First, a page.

And especially thanks to salva
I'll second that !!
There are of course, more things to consider than just *performance* when it comes to choosing which Math module to use  but I was curious to see how Math::Int128 compared for speed with Math::GMPz (which uses the gmp C library).
I found that, if using overloaded operators with Math::GMPz, then Math::GMPz was roughly twice as slow as Math::Int128  but if using the arithmetic functions that Math::GMPz also provides, then Math::GMPz was roughly twice as fast as Math::Int128.
Without yet having taken the time to look closely at Math::Int128, I believe there would be a way of having it outperform Math::GMPz. (And I'm about to embark upon a little excercise to satisfy myself that this is so.) For any Windows users who want to check the comparisons for themselves, there are ppm packages for 64bit perl (5.10 and 5.12) available:
ppm install http://www.sisyphusion.tk/ppm/MathGMPz.ppd
ppm install http://www.sisyphusion.tk/ppm/MathInt128.ppd
The benchmarks I ran are as follows:
use warnings;
use Math::Int128 qw(int128);
use Math::GMPz qw(:mpz);
use Benchmark qw(:all);
$count = 40000;
$mpz1 = Math::GMPz>new('676469752303423489');
$mpz2 = Math::GMPz>new('776469752999423489');
$i_1 = int128("$mpz1");
$i_2 = int128("$mpz2");
$mpz_sub = Math::GMPz>new('976469752313423489');
$i_sub = int128("$mpz_sub");
$mpz_div = Math::GMPz>new('76469752313423489');
$i_div = int128("$mpz_div");
$mpz_ret = Rmpz_init2(128);
print "
******************
**MULTIPLICATION**
******************\n\n";
cmpthese($count * 9, {
'mul_M::I' => '$ri = Math::Int128::_mul($i_1, $i_2, 0)',
'mul_M::G1' =>'$mpz_ret = $mpz1 * $mpz2',
'mul_M::G2'=> 'Rmpz_mul($mpz_ret, $mpz1, $mpz2)',
});
die "Error 1:\n$ri\n$mpz_ret\n" if $ri != int128("$mpz_ret")
 $ri != int128('525258301482620425304858018020933121');
$i_1 *= $i_1;
$i_2 *= $i_2;
$mpz1 *= $mpz1;
$mpz2 *= $mpz2;
print "
******************
*****DIVISION*****
******************\n\n";
cmpthese($count * 9, {
'div_M::I' => '$ri = Math::Int128::_div($i_1, $i_div, 0)',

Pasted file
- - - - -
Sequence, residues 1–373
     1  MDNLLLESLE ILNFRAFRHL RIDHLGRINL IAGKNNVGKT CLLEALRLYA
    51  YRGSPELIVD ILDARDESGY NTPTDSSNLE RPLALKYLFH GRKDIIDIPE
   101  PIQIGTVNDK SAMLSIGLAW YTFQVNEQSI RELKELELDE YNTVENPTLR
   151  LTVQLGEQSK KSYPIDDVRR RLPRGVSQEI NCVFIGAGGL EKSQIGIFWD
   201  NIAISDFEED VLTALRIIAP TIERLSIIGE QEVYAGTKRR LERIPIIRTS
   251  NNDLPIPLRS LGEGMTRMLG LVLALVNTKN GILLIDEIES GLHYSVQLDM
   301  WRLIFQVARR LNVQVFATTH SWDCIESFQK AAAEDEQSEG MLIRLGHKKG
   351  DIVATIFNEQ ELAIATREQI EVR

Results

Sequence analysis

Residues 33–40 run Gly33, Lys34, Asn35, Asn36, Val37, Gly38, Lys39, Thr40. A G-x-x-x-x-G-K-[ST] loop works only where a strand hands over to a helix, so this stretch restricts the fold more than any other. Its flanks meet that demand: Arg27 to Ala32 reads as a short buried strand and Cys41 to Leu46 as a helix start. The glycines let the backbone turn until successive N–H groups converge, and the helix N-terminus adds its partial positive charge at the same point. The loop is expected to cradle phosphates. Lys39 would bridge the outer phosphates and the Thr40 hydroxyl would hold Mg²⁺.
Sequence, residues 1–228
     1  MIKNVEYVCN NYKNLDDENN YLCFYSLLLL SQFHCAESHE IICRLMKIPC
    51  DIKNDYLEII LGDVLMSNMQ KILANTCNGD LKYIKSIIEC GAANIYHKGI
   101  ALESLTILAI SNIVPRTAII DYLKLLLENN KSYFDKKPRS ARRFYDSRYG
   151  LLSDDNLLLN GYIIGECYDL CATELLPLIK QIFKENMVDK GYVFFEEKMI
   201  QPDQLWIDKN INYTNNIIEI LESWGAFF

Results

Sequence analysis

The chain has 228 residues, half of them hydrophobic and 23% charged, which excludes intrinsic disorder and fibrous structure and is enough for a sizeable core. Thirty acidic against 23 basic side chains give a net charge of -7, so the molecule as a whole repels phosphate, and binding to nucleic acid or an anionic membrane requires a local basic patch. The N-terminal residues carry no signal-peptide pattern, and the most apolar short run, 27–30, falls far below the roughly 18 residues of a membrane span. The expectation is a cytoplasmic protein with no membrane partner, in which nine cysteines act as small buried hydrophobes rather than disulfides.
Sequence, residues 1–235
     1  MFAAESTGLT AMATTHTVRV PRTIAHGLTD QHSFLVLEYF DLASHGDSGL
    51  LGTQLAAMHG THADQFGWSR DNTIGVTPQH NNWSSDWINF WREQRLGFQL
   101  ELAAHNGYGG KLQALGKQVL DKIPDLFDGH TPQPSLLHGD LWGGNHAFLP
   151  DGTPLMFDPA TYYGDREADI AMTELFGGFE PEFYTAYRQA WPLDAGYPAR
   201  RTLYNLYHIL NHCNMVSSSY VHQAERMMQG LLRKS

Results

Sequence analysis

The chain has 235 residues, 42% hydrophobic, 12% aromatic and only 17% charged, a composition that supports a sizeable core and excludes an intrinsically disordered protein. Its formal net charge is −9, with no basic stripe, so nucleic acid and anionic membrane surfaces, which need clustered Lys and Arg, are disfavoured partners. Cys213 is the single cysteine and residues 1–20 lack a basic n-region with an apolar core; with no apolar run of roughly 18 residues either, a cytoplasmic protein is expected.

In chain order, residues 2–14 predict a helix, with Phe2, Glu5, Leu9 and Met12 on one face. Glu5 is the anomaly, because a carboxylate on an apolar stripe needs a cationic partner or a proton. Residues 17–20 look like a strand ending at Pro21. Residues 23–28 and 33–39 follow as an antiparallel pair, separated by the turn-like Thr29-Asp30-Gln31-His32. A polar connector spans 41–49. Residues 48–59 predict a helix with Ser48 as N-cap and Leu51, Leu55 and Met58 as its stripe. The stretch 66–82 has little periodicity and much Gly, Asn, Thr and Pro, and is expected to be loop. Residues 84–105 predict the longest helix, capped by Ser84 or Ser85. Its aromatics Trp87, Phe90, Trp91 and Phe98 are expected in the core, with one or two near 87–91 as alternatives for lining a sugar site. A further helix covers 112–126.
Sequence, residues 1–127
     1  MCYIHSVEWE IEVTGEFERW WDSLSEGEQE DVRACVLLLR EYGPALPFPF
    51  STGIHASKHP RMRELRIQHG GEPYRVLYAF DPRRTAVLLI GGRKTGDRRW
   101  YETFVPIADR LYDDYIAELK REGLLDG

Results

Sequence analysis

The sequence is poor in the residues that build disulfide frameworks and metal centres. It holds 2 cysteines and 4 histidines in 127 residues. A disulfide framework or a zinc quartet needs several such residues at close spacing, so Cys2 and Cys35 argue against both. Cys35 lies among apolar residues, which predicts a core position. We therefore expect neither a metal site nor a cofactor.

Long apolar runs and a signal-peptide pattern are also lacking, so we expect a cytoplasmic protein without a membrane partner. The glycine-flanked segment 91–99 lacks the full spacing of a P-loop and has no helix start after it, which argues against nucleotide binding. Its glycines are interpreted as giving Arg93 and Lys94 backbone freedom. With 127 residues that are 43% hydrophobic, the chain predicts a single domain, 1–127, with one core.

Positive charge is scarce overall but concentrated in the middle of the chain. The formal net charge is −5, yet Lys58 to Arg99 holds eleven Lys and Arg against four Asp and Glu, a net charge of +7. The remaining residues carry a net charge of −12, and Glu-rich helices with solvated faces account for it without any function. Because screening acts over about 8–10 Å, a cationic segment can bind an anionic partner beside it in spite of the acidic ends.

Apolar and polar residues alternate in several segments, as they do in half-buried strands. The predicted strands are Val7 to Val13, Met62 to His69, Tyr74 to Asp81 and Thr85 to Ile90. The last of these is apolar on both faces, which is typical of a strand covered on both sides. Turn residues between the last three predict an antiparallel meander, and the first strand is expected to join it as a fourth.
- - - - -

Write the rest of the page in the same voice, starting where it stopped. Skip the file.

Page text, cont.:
'div_M::G1' =>'$mpz_ret = $mpz1 / $mpz_div',
'div_M::G2'=> 'Rmpz_tdiv_q($mpz_ret, $mpz1, $mpz_div)',
});
die "Error 2:\n$ri\n$mpz_ret\n" if $ri != int128("$mpz_ret")
 $ri != int128('5984213521522366751');
print"
******************
*****ADDITION*****
******************\n\n";
cmpthese($count * 10, {
'add_M::I' => '$ri = Math::Int128::_add($i_1, $i_2, 0)',
'add_M::G1' => '$mpz_ret = $mpz1 + $mpz2',
'add_M::G2' => 'Rmpz_add($mpz_ret, $mpz1, $mpz2)',
});
die "Error 3:\n$ri\n$mpz_ret\n" if $ri != int128("$mpz_ret")
 $ri != int128('1060516603104440851094132036041866242');
print "
******************
****SUBTRACTION***
******************\n\n";
cmpthese($count * 10, {
'add_M::I' => '$ri = Math::Int128::_sub($i_1, $i_sub, 0)',
'add_M::G1' => '$mpz_ret = $mpz1  $mpz_sub',
'add_M::G2' => 'Rmpz_sub($mpz_ret, $mpz1, $mpz_sub)',
});
die "Error 4:\n$ri\n$mpz_ret\n" if $ri != int128("$mpz_ret")
 $ri != int128('457611325781455127825205517363509632');
The output I got was:
C:\_64\pscrpt>perl bench.pl
Name "main::i_div" used only once: possible typo at bench.pl line 17.
Name "main::i_sub" used only once: possible typo at bench.pl line 14.
******************
**MULTIPLICATION**
******************
Rate mul_M::G1 mul_M::I mul_M::G2
mul_M::G1 156726/s  58% 82%
mul_M::I 371517/s 137%  58%
mul_M::G2 886700/s 466% 139% 
******************
*****DIVISION*****
******************
Rate div_M::G1 div_M::I div_M::G2
div_M::G1 148637/s  57% 81%
div_M::I 344168/s 132%  57%
div_M::G2 794702/s 435% 131% 
******************
*****ADDITION*****
******************
Rate add_M::G1 add_M::I add_M::G2
add_M::G1 148810/s  60% 83%
add_M::I 376648/s 153%  56%
add_M::G2 852878/s 473% 126% 
******************
****SUBTRACTION***
******************
Rate add_M::G1 add_M::I add_M::G2
add_M::G1 147113/s  60% 83%
add_M::I 365631/s 149%  59%
add_M::G2 883002/s 500% 142% 
C:\_64\pscrpt>
Update: I've since written an Inline::C script where the __int128 multiplications beat Math::GMPz ... but not by much:
Rate gmpz mul_128
gmpz 900000/s  3%
mul_128 927835/s 3% 
The code I used is still a bit rough, but I don't see much scope for improvement at the moment.
Cheers, Rob